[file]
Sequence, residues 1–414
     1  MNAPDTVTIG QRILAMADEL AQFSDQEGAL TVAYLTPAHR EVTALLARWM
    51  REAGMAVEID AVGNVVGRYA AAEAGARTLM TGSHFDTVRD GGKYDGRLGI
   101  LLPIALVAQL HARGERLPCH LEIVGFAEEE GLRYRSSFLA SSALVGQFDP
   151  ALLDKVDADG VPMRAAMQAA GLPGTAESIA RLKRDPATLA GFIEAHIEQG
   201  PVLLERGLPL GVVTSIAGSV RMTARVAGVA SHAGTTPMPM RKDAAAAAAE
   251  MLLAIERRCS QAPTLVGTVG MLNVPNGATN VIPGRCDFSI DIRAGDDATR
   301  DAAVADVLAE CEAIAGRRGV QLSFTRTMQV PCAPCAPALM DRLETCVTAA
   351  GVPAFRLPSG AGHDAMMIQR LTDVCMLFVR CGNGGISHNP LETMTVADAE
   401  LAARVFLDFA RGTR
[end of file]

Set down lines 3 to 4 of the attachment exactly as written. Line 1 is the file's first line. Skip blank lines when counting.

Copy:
    51  REAGMAVEID AVGNVVGRYA AAEAGARTLM TGSHFDTVRD GGKYDGRLGI
   101  LLPIALVAQL HARGERLPCH LEIVGFAEEE GLRYRSSFLA SSALVGQFDP